Next Cheryl makes an additional statement, which it seems to me that some of the commentators did not give sufficient attention. Namely, she says, “And furthermore, even after my having said it altogether one hundred times in succession, you would still not know who has the larger number!” This statement gives additional epistemic information beyond the content of saying that the $100^{th}$ statement would be true. After the $100^{th}$ statement, according to what we have said, both Albert and Bernard would know precisely that both numbers are at least $100$. But Cheryl is telling them that they still would not know, even after the $100^{th}$ statement. Thus, it must be that neither Albert nor Bernard has $100$, since having that number is the only way they could know at that point who has the larger number.  (Note also that Cheryl did not say that they would know that the other does not know, but only that they each would not know after the $100^{th}$ assertion, an issue that appeared to trip up some commentators. So she is making a common-knowledge assertion about what their individual epistemic states would be in that case.)  The first few numbers after $100$ are: $$100\qquad 100\frac14\qquad 100\frac38\qquad 100\frac7{16}\qquad 100\frac{15}{32}\qquad\cdots\to\quad 100\frac12$$ So putting everything together, what everyone knows after Cheryl’s exasperated remark is that both numbers are at least $100\frac14$.

Since Albert still doesn’t know, it means his number is at least $100\frac 38$. Since Bernard doesn’t know after this, it means that Bernard cannot have either $100\frac14$ or $100\frac38$, since otherwise he would know that Albert’s is larger. So Bernard has at least $100\frac7{16}$.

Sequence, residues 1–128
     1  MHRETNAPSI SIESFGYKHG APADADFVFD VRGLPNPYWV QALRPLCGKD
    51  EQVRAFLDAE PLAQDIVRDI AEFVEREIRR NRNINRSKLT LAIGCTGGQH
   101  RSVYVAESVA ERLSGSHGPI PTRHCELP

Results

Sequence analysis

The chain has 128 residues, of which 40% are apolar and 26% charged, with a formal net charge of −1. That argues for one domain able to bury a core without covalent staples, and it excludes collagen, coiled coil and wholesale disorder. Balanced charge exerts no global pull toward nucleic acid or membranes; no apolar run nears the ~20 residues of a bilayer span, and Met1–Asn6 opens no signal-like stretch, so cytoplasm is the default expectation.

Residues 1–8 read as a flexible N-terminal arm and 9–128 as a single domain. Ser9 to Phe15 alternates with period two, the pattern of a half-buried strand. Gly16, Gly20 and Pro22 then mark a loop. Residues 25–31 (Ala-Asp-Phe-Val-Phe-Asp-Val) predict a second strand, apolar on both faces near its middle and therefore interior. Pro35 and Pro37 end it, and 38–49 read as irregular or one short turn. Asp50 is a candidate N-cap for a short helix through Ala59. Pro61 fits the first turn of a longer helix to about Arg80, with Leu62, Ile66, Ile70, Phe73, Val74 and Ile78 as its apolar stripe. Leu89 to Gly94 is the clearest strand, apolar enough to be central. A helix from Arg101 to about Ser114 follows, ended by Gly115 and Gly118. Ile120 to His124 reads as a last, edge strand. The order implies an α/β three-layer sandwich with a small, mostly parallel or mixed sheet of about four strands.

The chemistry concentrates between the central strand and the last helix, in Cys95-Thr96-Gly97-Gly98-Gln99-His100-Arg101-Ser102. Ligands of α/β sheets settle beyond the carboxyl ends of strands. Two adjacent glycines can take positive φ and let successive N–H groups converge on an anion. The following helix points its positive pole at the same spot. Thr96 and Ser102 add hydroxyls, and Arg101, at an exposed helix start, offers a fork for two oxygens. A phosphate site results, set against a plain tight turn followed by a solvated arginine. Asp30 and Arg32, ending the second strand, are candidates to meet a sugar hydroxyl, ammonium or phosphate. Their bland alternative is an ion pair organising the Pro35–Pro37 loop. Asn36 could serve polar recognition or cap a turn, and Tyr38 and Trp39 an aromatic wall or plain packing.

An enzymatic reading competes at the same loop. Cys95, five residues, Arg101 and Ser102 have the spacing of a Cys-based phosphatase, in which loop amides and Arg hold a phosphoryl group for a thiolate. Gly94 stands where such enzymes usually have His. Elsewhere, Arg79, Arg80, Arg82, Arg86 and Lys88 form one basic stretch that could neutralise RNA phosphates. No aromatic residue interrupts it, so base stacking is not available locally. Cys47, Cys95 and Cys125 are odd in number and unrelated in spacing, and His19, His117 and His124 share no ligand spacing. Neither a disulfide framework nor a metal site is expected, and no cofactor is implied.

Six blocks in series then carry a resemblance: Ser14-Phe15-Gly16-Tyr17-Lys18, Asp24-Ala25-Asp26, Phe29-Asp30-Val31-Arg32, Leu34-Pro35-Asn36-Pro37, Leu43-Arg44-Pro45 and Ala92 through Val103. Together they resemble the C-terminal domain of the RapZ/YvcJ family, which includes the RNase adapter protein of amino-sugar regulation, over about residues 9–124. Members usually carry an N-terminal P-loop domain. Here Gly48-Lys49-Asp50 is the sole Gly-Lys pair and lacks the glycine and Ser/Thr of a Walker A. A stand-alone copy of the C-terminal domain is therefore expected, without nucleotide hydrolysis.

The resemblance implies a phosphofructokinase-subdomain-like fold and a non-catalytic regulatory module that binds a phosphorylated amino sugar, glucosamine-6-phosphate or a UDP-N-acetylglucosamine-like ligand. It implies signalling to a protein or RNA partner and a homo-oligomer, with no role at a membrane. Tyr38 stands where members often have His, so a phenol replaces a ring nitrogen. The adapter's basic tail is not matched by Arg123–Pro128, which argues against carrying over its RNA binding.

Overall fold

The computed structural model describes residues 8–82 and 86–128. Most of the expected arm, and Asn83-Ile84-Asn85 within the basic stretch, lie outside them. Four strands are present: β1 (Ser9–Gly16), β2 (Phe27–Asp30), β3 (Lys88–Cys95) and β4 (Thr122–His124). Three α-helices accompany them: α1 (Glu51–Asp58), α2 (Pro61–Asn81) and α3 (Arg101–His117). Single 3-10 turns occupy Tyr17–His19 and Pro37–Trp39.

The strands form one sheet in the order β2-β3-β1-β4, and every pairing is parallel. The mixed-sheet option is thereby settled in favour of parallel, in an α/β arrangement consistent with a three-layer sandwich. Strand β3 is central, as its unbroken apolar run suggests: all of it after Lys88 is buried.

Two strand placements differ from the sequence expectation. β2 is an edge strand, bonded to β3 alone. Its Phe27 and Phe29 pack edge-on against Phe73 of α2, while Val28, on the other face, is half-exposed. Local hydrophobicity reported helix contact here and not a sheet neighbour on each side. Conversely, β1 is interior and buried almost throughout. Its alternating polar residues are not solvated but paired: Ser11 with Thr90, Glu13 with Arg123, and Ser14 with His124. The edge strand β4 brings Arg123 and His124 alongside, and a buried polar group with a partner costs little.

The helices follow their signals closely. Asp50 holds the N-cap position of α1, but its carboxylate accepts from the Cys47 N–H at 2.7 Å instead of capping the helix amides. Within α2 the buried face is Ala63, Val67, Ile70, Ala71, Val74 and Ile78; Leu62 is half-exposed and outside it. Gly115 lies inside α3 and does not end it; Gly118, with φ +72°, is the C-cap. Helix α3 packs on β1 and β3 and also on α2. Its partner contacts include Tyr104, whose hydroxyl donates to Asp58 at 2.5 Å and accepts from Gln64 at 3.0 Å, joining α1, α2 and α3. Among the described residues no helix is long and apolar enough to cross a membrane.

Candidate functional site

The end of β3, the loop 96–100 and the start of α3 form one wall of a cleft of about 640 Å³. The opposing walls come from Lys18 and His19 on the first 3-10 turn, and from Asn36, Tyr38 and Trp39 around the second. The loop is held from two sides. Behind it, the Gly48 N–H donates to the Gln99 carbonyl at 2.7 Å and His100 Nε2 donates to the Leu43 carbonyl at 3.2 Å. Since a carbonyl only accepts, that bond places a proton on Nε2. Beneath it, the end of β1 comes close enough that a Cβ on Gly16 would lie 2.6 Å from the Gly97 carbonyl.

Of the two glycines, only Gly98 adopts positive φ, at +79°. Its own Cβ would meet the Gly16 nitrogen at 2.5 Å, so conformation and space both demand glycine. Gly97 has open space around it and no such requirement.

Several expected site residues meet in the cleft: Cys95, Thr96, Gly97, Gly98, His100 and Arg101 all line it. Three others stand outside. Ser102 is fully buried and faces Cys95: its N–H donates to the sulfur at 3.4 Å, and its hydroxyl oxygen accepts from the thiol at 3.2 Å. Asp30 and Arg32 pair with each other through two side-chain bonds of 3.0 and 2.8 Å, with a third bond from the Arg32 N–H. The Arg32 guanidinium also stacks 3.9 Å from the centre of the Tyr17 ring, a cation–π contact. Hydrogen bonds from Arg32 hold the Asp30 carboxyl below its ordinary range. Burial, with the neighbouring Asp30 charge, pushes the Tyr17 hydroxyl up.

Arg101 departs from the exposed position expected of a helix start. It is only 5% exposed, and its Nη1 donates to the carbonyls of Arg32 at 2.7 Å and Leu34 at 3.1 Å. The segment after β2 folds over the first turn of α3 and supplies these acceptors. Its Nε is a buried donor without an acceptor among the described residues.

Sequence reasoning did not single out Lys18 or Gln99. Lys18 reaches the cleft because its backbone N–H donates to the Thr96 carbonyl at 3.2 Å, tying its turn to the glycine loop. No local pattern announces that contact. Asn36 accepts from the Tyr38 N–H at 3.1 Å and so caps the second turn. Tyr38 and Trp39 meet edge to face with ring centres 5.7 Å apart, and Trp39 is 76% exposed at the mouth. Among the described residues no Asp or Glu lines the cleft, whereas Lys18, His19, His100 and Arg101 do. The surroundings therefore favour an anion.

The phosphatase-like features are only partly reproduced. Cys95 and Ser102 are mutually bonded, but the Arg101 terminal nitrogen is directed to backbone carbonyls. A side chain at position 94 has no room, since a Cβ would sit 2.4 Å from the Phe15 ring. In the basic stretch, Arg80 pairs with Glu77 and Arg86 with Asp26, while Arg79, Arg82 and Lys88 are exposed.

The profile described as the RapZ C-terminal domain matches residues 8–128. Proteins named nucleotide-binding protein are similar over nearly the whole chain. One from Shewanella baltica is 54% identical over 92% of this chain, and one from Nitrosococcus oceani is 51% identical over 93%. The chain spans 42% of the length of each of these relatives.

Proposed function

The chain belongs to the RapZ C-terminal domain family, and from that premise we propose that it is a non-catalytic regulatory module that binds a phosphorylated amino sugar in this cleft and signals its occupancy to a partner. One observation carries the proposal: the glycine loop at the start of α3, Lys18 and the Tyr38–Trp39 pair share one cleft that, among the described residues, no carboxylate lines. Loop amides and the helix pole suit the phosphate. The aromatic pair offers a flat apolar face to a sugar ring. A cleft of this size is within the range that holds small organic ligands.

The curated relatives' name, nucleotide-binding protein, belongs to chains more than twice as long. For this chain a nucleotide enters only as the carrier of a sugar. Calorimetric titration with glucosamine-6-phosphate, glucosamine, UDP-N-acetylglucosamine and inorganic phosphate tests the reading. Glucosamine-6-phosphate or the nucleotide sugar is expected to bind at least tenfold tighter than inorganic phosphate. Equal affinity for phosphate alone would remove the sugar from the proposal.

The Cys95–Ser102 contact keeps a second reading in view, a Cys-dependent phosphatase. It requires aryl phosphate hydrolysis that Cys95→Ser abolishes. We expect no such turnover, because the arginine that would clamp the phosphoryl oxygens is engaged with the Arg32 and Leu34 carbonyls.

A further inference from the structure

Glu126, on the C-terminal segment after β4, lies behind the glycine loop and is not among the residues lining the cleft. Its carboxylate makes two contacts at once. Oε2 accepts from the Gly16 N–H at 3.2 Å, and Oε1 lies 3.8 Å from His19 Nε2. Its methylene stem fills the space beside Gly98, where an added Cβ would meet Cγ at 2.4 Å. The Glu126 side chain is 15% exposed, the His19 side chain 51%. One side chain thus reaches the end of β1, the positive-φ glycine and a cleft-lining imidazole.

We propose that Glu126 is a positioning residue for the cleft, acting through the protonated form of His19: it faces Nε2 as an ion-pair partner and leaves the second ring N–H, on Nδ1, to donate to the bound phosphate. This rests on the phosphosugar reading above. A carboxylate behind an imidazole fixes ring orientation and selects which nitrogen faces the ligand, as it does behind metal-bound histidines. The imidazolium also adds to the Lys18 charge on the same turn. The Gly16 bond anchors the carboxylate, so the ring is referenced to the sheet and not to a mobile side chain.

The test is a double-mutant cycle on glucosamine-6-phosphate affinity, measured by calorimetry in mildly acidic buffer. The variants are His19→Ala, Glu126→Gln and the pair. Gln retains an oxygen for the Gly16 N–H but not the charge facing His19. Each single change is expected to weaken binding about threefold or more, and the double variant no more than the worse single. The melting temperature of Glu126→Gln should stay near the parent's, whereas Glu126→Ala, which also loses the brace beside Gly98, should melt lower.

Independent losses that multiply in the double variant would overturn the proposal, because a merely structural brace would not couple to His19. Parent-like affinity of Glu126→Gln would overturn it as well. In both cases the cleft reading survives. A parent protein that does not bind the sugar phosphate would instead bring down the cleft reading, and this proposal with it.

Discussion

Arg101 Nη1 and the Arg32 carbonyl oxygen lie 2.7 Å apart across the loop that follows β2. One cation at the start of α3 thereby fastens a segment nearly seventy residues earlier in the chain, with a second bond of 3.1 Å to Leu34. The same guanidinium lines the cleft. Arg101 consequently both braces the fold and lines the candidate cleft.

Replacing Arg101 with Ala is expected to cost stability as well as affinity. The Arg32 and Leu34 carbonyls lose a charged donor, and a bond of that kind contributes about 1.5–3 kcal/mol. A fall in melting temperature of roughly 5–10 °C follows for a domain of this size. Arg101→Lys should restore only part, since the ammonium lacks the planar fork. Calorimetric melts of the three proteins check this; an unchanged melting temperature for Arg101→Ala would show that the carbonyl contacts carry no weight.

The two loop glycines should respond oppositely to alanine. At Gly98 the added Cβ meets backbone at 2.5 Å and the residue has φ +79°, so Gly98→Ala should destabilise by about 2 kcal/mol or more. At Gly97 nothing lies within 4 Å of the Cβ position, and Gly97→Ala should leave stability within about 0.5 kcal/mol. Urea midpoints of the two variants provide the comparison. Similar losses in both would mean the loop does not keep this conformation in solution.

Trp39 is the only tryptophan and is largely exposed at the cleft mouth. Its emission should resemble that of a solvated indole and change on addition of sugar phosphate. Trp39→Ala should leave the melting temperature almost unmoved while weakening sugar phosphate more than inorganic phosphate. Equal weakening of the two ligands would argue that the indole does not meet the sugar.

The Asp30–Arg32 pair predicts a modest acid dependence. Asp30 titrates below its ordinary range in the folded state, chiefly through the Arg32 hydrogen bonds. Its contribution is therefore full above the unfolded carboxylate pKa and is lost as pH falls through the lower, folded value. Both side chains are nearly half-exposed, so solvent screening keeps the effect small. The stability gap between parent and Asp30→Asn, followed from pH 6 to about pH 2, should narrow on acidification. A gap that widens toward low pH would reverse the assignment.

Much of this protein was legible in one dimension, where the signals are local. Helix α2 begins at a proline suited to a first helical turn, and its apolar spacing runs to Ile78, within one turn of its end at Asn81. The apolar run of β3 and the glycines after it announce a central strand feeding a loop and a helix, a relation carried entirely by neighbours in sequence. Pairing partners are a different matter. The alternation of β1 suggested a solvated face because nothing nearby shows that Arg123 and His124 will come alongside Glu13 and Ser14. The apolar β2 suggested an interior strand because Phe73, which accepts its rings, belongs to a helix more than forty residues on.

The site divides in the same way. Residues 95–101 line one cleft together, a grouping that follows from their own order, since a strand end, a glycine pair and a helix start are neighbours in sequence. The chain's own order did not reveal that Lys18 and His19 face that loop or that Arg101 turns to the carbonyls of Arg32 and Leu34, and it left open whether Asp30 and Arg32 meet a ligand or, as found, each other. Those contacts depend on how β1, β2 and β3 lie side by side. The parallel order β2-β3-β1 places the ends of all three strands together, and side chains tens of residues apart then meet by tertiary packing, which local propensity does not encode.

But now suddenly, finally, Albert knows who has the larger number! How can this be? So far, all we knew is that Albert’s number was at least $100\frac 38$ and Bernard’s is at least $100\frac7{16}$. If Albert had $100\frac 38$, then indeed he would know that Bernard’s number is larger; but note also that if Albert had $100\frac7{16}$, then he would also know that Bernard must have the larger number (since he knows the numbers are different). But if Albert’s number were larger than $100\frac7{16}$, then he couldn’t know whether Bernard’s number was larger or not. So after Albert’s assertion, what we all know is precisely that Albert has either $100\frac38$ or $100\frac7{16}$.

But now, Bernard claims to know both numbers! How could he know which number Albert has? The only way that he can distinguish those two possibilities that we mentioned is if Bernard himself has $100\frac7{16}$, since this is the smallest possibility remaining for Bernard and if Bernard’s number were larger than that then Albert could have consistently had either $100\frac38$ or $100\frac7{16}$. Thus, because Bernard knows the numbers, it must be that Bernard has $100\frac7{16}$, which would eliminate this possibility for Albert.

So Albert has $100\frac38$ and Bernard has $100\frac7{16}$, and that is the solution of the puzzle.

A number of commentators solved the puzzle, coming to the same conclusion that I did, and so let me give some recognition here. Congratulations!

Let me also give honorable mentions to the following people, who came very close.

## 4 thoughts on “Solution to my transfinite epistemic logic puzzle, Cheryl’s Rational Gifts”

1. I’m sorry, but those gifts are not rational at all. Nice bottle of wine, a tie, \$5 gift card, cash… those are rational gifts! Playing cruel and transfinite games on your friends? That’s not very rational.

🙂

2. Thanks for that interesting puzzle!

I got caught by the “And furthermore, even after my having said it altogether one hundred times in succession, you would still not know who has the larger number!” and so was off by one number. I’d argue that that’s a bit ambiguous – “neither of you would know who has the larger number” would be clearer.

Cheers anyway!

• I’m glad you enjoyed it. But what is the ambiguity? That is, what is the other reading that you are finding there? Your clarification seems to mean the same thing as what I intended. After she says is one hundred times, they will still not know. She isn’t saying that they will also know that the other doesn’t know.